For those that remember our blog Part Two – A Bump in Berlin, Steve suffered from a nasty sinus infection and the doctor that treated him made some interesting comments about his nasal passages and snoring. After this experience we added it to our to do list for when we returned home.
Sooooo, being a woman of action I messaged a sleep clinic, on hubby-dearests behalf, asking for help for him (and me) to get a good night sleep without often insanely loud snoring, breath holding and the resulting interrupted sleep. Knowing Steve’s reluctance to answer unknown telephone numbers if he doesn’t want to and his dislike of hospital procedures, I passed on his contact details and mine.
After the obligatory chasing around for a referral, I unexpectedly received a call from Sleep WA. The lovely office lady had left a message for Steve, which he had not returned, so obviously they called me. I had a giggle to myself and said I would be able to schedule a sleep study appointment for him.
Low and behold, they had a last minute cancellation, so I contacted Steve via text and considering the next available time was three weeks away he agreed and we booked him in.
That was the moment darling husband o-mine started freaking out.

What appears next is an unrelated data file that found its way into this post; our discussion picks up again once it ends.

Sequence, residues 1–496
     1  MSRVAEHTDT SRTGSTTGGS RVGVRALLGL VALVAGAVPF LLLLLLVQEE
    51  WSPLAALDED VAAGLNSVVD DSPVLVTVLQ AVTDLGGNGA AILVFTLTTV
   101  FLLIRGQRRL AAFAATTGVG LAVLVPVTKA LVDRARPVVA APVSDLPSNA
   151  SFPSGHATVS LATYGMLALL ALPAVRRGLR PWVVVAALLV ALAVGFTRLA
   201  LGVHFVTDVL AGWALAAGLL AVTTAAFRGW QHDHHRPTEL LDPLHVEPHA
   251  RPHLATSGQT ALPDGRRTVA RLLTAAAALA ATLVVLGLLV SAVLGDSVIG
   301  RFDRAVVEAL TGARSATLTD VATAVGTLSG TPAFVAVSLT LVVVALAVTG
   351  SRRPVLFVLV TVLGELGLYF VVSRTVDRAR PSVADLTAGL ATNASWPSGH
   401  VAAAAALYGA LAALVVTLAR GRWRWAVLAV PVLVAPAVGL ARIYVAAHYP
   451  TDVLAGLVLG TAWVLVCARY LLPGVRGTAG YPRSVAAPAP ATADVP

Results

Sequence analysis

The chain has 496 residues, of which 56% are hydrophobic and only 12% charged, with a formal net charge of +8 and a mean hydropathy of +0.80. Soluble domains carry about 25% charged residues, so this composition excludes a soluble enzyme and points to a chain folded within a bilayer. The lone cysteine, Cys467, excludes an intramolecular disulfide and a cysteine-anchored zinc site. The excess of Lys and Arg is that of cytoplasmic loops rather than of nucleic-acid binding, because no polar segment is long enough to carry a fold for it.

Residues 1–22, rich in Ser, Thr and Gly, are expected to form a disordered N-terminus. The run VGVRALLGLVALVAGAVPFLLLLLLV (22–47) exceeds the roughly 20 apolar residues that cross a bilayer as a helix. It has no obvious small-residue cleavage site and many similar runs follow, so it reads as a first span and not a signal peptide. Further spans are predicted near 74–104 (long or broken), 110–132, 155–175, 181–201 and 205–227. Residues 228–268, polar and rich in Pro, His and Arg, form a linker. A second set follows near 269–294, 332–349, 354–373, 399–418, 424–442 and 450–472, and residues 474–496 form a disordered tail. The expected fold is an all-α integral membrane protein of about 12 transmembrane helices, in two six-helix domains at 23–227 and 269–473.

Steve: “What if they tell me I can’t dive anymore? What if they need to take out my adenoids?”
Me: “What’s the problem with that?”
Steve: “I just don’t like surgery or hospitals!”
Airing his worries and concerns was the main topic of conversation on the way to the hospital.
We parked, he was admitted carrying his backpack and pillow and while having his blood pressure tested, asked if I would stay for a while. 
​Me: “To be honest, I want to go home and have a good night’s sleep!”
The look I got was something between shock and humour – hehehaha!
I held his hand for a little bit longer and then fled.
The rest is photographic evidence and from the patient’s perspective.
They did spirometer tests, nasal function tests and fitted me with all sorts of sensors to monitor for eye movement, jaw clenching, chest and stomach movement, nasal and mouth breathing. They even shaved sections of my legs to attach monitors for movement during sleep.
I looked like a man in a machine, covered in wires.
I think it took me three hours to get to sleep and then they woke me at 5.30am, gave me a cup of tea and asked me to complete a bunch of forms before feeding me and sending me on my way.
Now we wait for the report!
Do you or your other half snore? Or stop breathing and then wake yourself up when you sleep?